If your talk focuses a lot on what NOT to do to be safer from attacks, make sure you spend some time offering solutions. Be ready to answer questions on viable alternatives to the things you’re discouraging.
Last one (for now). Please don’t assume everyone knows your acronyms. At first mention, say the thing, then follow with the acronym. This is particularly important if your audience is a mix of public, private, LE, military, etc. Assume no one knows any of your acronyms.
Things to do RIGHT BEFORE
Oculothorax "Suggestion: Be prepared enough that you can take the last few minutes before your presentation to rest. Last minute running around will change the way you perform."
L4bF0x "I also make sure to cut down on caffeine the morning of because it makes me sound more jittery."
Steve@Yegsec "Don't drink carbonated beverages before speaking. I made that mistake once, had to pause to burp like 6 times."
Go pee beforehand.
Clothes / Appearance
If the talk will be recorded put extra thought into your hair, nails, makeup, and appearance.
Consider your clothes, you don't know how the stage will be, or how high the podium will be. You might need a place to clip a microphone battery pack.
Pack your presentation clothes in your carry-on, luggage can get lost.
Ladies - where do i attach a mic?
I always wear skirts so I have the most AWKWARD MIC PLACEMENT EVER and no I go to the bathroom awkwardly to remove my mic apologizing amusingly to everyone I meet.
Just also wear pantyhose or tights and be ready to do awkward cable decoupling alone in a stall. I have no pity and no mercy for him.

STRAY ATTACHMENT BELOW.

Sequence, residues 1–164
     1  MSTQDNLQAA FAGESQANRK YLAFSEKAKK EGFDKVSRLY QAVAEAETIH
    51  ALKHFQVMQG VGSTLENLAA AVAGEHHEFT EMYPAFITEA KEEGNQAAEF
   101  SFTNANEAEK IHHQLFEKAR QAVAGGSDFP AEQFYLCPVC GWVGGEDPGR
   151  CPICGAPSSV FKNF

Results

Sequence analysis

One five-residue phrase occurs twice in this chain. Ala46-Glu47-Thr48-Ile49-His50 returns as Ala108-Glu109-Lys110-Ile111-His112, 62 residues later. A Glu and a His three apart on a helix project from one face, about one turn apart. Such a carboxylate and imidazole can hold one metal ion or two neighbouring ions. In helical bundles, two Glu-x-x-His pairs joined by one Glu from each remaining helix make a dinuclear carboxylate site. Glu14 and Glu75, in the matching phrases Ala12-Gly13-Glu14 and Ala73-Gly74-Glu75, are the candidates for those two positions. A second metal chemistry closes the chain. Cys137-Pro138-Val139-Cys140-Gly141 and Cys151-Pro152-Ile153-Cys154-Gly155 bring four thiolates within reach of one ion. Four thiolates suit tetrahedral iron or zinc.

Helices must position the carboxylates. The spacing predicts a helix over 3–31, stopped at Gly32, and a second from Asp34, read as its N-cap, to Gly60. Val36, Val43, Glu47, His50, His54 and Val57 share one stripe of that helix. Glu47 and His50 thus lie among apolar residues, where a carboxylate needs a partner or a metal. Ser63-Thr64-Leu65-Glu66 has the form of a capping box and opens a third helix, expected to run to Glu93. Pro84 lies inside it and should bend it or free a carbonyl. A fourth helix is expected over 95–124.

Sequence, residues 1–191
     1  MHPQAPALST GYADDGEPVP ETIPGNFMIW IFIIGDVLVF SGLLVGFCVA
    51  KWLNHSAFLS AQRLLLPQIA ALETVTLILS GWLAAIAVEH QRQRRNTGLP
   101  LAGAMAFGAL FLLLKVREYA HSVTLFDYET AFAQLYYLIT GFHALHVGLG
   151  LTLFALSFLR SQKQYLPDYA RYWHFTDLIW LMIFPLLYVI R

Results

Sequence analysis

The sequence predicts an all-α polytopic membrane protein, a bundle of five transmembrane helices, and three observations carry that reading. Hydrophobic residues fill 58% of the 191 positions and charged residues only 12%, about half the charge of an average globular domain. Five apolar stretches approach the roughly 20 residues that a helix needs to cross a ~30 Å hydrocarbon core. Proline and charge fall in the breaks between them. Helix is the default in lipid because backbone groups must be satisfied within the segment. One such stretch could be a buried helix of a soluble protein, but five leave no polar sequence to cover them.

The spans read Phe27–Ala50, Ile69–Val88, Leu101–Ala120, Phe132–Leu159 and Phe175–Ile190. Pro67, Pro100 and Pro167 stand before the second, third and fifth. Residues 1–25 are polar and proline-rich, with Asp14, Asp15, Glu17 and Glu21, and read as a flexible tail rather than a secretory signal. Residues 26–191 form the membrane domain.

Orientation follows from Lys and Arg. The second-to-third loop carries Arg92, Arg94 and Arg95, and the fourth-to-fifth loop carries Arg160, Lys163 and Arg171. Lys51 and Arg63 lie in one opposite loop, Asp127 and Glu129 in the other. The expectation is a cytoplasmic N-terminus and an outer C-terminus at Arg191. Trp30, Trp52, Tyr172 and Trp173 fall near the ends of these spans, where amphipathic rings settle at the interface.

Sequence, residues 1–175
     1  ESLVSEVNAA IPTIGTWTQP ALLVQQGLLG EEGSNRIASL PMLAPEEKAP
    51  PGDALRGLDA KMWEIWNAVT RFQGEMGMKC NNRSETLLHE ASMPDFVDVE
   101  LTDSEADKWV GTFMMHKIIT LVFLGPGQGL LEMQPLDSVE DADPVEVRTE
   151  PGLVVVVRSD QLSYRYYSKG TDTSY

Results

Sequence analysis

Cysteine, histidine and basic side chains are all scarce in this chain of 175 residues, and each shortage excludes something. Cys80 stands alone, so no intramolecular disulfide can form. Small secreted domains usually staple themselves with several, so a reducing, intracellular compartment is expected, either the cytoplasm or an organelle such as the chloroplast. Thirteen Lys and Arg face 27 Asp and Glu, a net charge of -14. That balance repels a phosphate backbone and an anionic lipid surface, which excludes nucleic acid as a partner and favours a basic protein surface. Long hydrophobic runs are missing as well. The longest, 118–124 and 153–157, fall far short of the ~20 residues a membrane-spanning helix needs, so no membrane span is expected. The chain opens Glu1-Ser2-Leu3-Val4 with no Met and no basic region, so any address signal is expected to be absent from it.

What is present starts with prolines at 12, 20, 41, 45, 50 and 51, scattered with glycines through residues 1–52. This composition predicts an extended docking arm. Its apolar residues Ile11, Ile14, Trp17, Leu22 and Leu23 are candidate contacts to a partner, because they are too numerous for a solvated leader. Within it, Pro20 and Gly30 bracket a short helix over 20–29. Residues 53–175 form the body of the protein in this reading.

The mic box attaches to the back of your tights or pantyhose. The cable runs up the back of your dress. You are welcome in advance, universe.
What to wear - Clothing Discussion
Accessibility (h/t @geekgalgroks)
Wow I need to up my game as a speaker thanks #Axecon not everyone can see your slides, take a moment to describe the images in the slide. Thanks for being an amazing model @ScopicEngineer
Don't cover your mouth in case people lip read
During the presentation
Ask people to hold questions to the end or a designated spot.
Encourage people to write down their questions as they have them.
Watch phrasing https://www.sparkpresentations.com/presentation-questions
REPEAT the question (if they don't have a microphone) so everyone can hear it.
"One item I found helpful for my first talk a number of years ago was that it's okay to not know the answer during Q&A. I was super worried someone would ask a question I didn't know the answer to." If this happens try "ask if anyone in the audience knows, promise to find the answer and get back to them, etc." #sharkbait@YEGSec
If you don’t know the answer to something in Q&A, just say you don’t know. The speaker I’m watching just did that, and queried the room & a colleague raised their hand to answer. Very positive outcome. Much better than BS answer.
After the presentation
@jack_daniel Reminder of my best presentation tip: my first slide is always hidden, and it is a notes page for me after the preso. I get out of the way quickly after my talks, but then find a corner and quickly make notes to myself on the slide
"delivered this in xx minutues, skipped YY section"
"Music timing bad on slide 32"
"increase font on slide 16"
Anything that will help you in the future- whether the talk evolves or even if you never use that deck again.
Twitter threads of advice
https://twitter.com/EmmaWedekind/status/1105800258792185856 which included some of these links